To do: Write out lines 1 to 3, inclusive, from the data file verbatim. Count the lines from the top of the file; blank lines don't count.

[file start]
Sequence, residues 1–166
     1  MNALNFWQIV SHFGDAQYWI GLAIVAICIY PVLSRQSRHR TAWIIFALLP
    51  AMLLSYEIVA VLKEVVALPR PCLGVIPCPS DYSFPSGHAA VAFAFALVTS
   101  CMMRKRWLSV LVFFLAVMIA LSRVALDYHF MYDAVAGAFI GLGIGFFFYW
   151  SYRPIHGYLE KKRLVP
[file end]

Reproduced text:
Sequence, residues 1–166
     1  MNALNFWQIV SHFGDAQYWI GLAIVAICIY PVLSRQSRHR TAWIIFALLP
    51  AMLLSYEIVA VLKEVVALPR PCLGVIPCPS DYSFPSGHAA VAFAFALVTS